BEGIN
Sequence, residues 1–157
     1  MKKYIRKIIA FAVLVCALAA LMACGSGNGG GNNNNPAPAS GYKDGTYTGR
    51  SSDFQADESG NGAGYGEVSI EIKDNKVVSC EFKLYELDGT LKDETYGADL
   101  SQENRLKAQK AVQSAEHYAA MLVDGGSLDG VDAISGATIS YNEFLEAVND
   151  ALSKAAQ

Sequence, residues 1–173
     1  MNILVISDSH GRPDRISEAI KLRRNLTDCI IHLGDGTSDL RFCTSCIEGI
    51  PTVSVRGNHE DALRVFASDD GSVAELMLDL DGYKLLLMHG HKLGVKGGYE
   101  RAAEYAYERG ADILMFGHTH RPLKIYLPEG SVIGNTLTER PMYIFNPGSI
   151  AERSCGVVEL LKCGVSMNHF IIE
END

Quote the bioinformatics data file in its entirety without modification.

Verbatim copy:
Sequence, residues 1–157
     1  MKKYIRKIIA FAVLVCALAA LMACGSGNGG GNNNNPAPAS GYKDGTYTGR
    51  SSDFQADESG NGAGYGEVSI EIKDNKVVSC EFKLYELDGT LKDETYGADL
   101  SQENRLKAQK AVQSAEHYAA MLVDGGSLDG VDAISGATIS YNEFLEAVND
   151  ALSKAAQ

Sequence, residues 1–173
     1  MNILVISDSH GRPDRISEAI KLRRNLTDCI IHLGDGTSDL RFCTSCIEGI
    51  PTVSVRGNHE DALRVFASDD GSVAELMLDL DGYKLLLMHG HKLGVKGGYE
   101  RAAEYAYERG ADILMFGHTH RPLKIYLPEG SVIGNTLTER PMYIFNPGSI
   151  AERSCGVVEL LKCGVSMNHF IIE